Chris Arsenault joins FIMS as the new MMJC chair.

The Faculty of Information and Media Studies (FIMS) is excited to announce that award-winning journalist and professor Chris Arsenault will be joining the faculty as an assistant professor and the chair of the Master of Media in Journalism and Communication Program (MMJC) as of July 1, 2024.

Arsenault has worked in the journalism industry for over 15 years and has built a unique and impressive portfolio as an international correspondent covering conflict, climate change, and natural resources on four different continents.

Arsenault has worked for news outlets such as Al Jazeera, Reuters, and the Canadian Broadcasting Corporation (CBC). He received specialized training to report in hazardous environments. A story he covered in 2013 on the outskirts of Dubai became the career highlight.

Arsenault was one of only a few reporters to report from the scene of a wildcat strike on the outskirts of Dubai. Strikes are illegal in Dubai and the labour action resulted in mass deportation. Arsenault describes having to lay low as outsiders were easily recognized and not welcome.

“I did the reporting from the trunk of the car; I’d have to jump out, get the interview, and jump back in,” he says.

In 2019, Arsenault began teaching journalism at the postsecondary level while also working on his PhD in Journalism at the University of Sunderland in the U.K., where he studied best practices for international reporting. His academic work focused on investigative strategies for reporting internationally on the environment and natural resource deals.

In 2024, he successfully defended his thesis titled, Covering the great land rush: The role of frontline journalism in probing investment flows, displacement, and the struggle to feed a growing population in the climate change era. His peer-reviewed publications include a study on investigative journalism around Guyana's emerging oil industry and the geopolitics of high-seas fishing.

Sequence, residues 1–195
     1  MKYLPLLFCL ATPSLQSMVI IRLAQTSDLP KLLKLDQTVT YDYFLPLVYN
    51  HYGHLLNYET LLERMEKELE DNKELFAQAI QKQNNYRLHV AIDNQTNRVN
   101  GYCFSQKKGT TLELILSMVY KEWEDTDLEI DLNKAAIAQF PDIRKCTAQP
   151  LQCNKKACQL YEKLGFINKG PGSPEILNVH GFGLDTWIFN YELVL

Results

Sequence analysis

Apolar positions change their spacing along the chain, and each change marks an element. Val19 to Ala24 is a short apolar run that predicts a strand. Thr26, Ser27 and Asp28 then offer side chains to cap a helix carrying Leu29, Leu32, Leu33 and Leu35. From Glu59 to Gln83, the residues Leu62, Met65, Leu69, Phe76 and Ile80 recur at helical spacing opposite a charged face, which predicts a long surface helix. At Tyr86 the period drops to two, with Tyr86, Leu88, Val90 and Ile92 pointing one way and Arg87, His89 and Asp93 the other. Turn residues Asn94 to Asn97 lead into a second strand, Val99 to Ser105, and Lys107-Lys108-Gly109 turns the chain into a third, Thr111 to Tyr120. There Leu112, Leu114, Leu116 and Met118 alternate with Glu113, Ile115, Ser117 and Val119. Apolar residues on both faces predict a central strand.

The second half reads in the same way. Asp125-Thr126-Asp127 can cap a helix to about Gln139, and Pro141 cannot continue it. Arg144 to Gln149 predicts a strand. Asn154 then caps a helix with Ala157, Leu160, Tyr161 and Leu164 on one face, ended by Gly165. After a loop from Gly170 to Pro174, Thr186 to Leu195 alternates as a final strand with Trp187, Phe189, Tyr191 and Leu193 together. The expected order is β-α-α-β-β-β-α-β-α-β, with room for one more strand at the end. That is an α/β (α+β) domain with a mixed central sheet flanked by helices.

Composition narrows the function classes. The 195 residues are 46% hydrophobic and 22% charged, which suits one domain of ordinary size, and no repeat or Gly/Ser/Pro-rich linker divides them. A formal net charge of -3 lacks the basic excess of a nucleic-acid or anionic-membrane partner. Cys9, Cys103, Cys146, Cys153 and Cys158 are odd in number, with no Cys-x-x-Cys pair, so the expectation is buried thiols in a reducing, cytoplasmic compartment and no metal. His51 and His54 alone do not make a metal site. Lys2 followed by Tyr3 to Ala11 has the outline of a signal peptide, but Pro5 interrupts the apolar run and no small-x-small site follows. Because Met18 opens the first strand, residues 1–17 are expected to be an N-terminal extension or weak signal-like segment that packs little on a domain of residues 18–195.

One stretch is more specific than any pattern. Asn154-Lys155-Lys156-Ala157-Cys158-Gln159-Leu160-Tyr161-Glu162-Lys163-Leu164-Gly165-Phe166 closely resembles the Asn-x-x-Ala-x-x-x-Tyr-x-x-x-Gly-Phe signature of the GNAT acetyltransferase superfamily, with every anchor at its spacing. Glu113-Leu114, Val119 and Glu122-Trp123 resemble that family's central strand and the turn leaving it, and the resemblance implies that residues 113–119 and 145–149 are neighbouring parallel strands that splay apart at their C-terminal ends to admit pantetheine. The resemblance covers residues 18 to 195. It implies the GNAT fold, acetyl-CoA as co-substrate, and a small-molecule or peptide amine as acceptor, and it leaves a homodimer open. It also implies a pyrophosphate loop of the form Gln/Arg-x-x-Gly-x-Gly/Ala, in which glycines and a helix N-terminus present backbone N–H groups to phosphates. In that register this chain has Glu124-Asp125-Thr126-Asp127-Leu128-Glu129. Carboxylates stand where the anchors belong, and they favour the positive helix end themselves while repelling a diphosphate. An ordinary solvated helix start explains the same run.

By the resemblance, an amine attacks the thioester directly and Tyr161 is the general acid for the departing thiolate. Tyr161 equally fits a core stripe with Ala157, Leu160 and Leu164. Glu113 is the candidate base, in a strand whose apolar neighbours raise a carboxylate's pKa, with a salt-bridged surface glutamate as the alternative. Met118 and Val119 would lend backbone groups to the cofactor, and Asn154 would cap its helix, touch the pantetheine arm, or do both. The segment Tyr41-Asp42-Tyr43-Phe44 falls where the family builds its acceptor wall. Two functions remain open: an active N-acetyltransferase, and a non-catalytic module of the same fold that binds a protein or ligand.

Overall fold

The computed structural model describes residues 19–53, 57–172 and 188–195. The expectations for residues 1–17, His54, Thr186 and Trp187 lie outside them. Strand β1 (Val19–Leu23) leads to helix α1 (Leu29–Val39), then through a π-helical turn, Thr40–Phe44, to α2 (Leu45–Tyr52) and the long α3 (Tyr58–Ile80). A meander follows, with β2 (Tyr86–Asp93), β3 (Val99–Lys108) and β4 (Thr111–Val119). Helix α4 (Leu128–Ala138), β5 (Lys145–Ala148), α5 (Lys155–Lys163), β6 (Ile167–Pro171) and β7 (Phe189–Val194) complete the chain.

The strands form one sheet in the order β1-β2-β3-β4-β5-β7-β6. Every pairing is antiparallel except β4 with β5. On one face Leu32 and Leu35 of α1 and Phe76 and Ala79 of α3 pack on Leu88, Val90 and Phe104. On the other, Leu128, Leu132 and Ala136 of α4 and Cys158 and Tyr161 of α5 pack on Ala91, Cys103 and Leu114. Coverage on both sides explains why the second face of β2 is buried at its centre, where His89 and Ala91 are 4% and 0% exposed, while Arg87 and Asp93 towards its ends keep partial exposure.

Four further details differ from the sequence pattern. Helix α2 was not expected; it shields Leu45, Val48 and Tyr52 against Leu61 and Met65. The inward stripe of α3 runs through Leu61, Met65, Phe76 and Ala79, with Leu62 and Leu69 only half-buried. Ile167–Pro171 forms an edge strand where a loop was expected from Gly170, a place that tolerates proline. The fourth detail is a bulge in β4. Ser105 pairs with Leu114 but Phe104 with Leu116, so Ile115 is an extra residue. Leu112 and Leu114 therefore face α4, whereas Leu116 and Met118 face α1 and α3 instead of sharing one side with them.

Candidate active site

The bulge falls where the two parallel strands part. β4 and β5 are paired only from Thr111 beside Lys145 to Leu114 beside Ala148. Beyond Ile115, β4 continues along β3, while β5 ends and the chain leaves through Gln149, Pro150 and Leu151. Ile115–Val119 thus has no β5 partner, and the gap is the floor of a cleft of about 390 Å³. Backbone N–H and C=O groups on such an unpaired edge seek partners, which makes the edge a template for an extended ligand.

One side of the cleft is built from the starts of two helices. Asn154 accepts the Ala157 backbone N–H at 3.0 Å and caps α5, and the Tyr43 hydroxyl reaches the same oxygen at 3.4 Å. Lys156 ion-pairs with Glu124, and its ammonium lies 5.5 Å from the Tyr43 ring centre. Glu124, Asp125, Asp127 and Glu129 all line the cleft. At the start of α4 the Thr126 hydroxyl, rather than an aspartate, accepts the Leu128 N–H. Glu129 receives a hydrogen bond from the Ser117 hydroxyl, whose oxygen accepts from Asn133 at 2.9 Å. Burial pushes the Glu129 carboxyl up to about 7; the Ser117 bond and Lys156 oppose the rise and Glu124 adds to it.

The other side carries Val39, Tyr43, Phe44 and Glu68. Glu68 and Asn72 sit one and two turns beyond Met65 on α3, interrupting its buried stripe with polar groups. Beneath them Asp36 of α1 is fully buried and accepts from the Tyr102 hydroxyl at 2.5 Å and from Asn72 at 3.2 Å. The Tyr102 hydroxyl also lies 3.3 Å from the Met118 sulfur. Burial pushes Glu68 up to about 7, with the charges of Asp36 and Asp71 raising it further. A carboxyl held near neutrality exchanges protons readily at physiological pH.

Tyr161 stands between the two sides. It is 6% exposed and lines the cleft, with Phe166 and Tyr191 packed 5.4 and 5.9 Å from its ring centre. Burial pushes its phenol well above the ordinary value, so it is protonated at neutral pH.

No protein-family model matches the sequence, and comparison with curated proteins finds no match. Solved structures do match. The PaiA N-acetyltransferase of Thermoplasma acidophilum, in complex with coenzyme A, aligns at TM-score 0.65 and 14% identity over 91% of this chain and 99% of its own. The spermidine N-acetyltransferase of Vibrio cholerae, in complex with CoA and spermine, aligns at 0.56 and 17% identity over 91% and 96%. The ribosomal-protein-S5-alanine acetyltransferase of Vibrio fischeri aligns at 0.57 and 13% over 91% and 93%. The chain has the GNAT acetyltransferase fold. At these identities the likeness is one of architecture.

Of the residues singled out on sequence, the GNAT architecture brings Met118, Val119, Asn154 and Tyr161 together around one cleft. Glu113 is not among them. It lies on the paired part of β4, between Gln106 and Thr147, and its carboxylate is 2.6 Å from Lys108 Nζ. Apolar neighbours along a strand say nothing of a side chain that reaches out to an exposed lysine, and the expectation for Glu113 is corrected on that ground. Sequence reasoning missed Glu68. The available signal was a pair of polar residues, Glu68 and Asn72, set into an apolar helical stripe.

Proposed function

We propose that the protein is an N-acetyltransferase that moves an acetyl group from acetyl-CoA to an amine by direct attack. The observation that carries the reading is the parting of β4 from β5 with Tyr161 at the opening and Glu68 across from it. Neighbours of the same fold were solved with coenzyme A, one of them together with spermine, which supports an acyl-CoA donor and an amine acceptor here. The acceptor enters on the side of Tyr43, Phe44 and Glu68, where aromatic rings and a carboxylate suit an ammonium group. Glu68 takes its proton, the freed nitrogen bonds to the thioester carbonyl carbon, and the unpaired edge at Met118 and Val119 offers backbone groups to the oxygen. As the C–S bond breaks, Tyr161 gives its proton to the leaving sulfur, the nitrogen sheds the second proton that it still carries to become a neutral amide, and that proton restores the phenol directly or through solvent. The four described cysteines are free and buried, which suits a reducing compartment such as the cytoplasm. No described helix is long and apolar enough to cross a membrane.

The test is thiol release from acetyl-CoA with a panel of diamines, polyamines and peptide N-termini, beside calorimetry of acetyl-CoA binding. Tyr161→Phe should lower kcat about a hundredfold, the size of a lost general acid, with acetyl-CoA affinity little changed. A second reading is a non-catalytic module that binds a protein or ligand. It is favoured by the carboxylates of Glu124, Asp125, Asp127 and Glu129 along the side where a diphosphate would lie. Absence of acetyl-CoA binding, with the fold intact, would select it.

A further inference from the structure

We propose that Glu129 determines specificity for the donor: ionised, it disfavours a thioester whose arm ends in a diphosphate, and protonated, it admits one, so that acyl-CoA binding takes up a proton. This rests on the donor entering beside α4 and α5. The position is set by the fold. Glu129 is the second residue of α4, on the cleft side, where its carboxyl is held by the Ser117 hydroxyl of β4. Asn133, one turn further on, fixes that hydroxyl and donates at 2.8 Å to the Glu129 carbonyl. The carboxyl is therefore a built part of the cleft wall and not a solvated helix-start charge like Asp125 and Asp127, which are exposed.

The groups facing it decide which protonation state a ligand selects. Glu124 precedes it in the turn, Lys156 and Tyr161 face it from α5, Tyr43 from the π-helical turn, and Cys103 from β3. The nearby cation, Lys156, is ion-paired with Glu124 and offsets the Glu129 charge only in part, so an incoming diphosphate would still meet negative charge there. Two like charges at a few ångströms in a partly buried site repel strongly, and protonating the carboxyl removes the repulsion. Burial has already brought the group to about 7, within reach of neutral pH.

Arsenault later took on the coordinator role for the journalism program at Conestoga College and was responsible for curriculum development, organizing work placements for students, and teaching a diverse group of aspiring journalists. His teaching career did not supplant his journalism career, though. While teaching, Arsenault continued his work for CBC as a senior writer. He plans to continue reporting as he takes on the MMJC Chair position at Western.

“I am a journalist through and through; I know the industry has changed, but there will always be space for hard-nosed reporting.”

Arsenault acknowledges that the journalism industry is in a turbulent time, and that he is responsible for graduating students who can find employment, whether it be in journalism, communications, or another related field. He plans to consistently revisit student and alumni satisfaction to ensure they are succeeding after completing the program.

“Whether it is a job at The Globe and Mail, international travel, or developing entrepreneurial skills, I want students to graduate getting what they wanted from the program.”

MMJC students spend their year developing storytelling skills and practicing the fundamentals for both the journalism and communication industries. They produce lots of media and spend at least four weeks in a professional internship placement. Arsenault wants students to use what they produce when looking for a job.

“I am keen on making sure students are leaving with a demonstrable portfolio of the work they have done in the program.”

He acknowledges the role will be a challenge, but one he is looking forward to.

“It’s a dream come true to teach people who want to be here and want to know more about journalism and communication, "he says.

Find out more about the Master of Media in Journalism & Communication program at